On the block: If you thought the world had already had a chance to snap up all the snips and scraps left behind by JFK and Jackie Kennedy Onassis, you thought wrong. Next week, Sotheby's will host the auction "Property from Kennedy Family Homes," which will feature 691 lots of furniture, art, rugs, lamps, baskets, china, books, documents, knickknacks and jewelry, though not quite the sort of thing featured in the auction house's incredibly successful 1996 Kennedy stuff sale. "That sale was more about the high-style life, particularly Mrs. Onassis' in New York. This one really is much more about the country houses, particularly Hyannisport, and less so about Fifth Avenue," Sotheby's Vice Chairman David Redden told the Washington Post. According to that paper, "The quality of the goods is wildly uneven, from lovely (a circa 1900 gold and enamel Fabergé tryptych frame, pre-sale estimate $15,000 to $20,000) to heartbreaking (a 1968 Aaron Shikler painting of Jackie reading to her fatherless children, Caroline and John Jr., $8,000 to $12,000) to downright tacky (a group of 14 'molded-glass articles' that includes seven jars, minus lids, and four glasses apparently pinched from the Hyannisport Club, $60 to $80)." (Washington Post)

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Also: Naomi Wolf and her husband, New York Times Op-Ed editor David Shipley, are reportedly splitting up. (Page Six) ... Production has been halted on the filming of Lindsay Lohan's new movie "Just My Luck" in New Orleans because the hard-partying actress has come down with a bad flu. (Page Six) ... Lohan's father, Michael Lohan, currently locked in a messy divorce battle with the actress's mother, has reportedly been telling people that he'd like the whole Lohan family to sign on to star in a reality TV show. (Rush and Molloy) ... Were those reports of Drew Barrymore's split with boyfriend Fabrizio Moretti greatly exaggerated? The two were spotted looking "very amorous" in a New York restaurant yesterday afternoon. (Rush and Molloy) ... The Who's Roger Daltry was named Commander of the Order of the British Empire by Queen Elizabeth II at Buckingham Palace on Wednesday in recognition of his services to music, the entertainment industry and charity. (Associated Press) ... Oh, and memo to Nick Lachey: The next time you give out your private cellphone number to an attractive woman, you might want to make sure she's not a gossip columnist. (Rush and Molloy)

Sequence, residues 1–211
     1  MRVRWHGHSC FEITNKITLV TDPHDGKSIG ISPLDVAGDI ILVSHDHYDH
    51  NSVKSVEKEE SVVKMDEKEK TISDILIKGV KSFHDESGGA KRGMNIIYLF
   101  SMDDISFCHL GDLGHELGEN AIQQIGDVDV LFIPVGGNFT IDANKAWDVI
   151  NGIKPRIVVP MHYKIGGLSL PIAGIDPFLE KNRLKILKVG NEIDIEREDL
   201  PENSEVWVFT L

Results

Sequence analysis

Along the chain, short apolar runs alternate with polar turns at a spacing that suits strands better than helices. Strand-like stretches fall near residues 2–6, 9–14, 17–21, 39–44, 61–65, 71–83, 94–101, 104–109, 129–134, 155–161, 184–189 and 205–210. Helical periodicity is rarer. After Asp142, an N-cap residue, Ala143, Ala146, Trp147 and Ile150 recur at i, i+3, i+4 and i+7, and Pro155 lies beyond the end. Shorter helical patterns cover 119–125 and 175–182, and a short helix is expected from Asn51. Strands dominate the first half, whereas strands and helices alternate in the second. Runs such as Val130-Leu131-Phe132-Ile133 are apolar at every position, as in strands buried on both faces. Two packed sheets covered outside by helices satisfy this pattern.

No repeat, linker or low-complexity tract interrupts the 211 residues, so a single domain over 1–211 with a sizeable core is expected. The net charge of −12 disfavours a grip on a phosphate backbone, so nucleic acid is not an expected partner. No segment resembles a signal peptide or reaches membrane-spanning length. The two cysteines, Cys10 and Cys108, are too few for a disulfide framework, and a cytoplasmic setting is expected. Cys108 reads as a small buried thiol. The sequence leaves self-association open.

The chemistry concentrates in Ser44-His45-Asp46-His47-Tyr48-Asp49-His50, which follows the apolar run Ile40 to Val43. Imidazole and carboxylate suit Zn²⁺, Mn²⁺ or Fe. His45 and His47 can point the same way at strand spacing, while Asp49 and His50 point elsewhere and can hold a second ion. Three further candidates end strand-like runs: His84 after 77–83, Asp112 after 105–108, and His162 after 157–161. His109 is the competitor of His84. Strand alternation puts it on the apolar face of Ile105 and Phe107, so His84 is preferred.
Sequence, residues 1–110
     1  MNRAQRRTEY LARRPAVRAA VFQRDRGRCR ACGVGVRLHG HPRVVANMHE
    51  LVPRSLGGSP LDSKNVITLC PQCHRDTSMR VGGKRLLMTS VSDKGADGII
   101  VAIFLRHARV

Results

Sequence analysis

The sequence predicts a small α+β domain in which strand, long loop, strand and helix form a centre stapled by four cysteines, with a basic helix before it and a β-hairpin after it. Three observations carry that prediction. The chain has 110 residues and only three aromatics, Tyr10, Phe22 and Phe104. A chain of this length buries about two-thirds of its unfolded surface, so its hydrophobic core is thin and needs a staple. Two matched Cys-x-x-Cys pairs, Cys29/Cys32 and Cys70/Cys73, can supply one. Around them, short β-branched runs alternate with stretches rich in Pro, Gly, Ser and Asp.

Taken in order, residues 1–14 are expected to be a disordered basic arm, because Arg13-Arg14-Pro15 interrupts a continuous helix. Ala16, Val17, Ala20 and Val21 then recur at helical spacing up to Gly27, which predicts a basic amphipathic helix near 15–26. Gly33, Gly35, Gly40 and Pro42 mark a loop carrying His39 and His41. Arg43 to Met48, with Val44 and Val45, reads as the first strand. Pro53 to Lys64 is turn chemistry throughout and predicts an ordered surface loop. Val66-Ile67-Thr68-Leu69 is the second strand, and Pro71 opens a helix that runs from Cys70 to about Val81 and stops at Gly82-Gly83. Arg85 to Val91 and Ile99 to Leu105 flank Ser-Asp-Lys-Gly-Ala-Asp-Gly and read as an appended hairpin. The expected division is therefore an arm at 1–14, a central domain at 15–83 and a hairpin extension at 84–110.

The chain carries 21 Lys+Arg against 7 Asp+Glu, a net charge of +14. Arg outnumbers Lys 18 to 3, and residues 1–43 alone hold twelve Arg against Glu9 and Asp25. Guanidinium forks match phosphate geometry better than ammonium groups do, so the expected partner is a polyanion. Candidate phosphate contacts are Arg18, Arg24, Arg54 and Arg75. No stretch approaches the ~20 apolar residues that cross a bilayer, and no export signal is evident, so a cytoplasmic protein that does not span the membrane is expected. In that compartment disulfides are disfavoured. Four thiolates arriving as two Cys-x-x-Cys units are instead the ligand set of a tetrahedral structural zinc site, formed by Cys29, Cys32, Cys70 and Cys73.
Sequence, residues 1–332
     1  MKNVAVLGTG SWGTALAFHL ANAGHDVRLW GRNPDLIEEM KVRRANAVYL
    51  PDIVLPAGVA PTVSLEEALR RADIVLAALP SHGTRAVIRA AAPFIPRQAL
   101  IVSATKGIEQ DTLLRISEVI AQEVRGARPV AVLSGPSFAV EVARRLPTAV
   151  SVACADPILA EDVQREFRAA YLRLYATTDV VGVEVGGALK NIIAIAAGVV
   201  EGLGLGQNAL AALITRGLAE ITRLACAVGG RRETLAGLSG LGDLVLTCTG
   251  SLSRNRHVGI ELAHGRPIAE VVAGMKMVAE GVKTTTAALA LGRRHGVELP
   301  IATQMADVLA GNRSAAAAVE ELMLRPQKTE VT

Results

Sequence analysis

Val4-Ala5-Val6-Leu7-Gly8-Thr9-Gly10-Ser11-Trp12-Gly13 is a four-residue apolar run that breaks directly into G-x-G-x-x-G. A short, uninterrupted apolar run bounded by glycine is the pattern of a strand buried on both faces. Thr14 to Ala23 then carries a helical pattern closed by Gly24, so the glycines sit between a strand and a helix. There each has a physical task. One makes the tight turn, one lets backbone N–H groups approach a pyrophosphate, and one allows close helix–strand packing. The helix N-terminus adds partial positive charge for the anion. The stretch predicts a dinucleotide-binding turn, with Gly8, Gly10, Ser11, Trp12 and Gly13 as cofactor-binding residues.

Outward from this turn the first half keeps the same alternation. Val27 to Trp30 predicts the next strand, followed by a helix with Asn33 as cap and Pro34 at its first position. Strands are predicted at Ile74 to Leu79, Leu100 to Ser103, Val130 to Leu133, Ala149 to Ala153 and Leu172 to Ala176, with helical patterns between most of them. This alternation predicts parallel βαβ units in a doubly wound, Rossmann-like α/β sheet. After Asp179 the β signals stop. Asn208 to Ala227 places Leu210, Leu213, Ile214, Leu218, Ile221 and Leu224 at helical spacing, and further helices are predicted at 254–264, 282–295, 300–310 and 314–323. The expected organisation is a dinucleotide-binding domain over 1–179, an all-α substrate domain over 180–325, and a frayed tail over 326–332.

Money Quote:
Russell Crowe on maintaining his actorly purity: "I don't use my celebrity to make a living. I don't do ads for suits in Spain like George Clooney or cigarettes in Japan like Harrison Ford. And on one level, people go, 'Well, more fault to you, mate, because there's free money to be handed out.' But to me it's kind of sacrilegious -- it's a complete contradiction of the [bleep]ing social contract you have with your audience. I mean, Robert De Niro's advertising American Express. Gee whiz, it's not the first time he's disappointed me. It's been happening for a while now." (GQ via Page Six)

-- Amy Reiter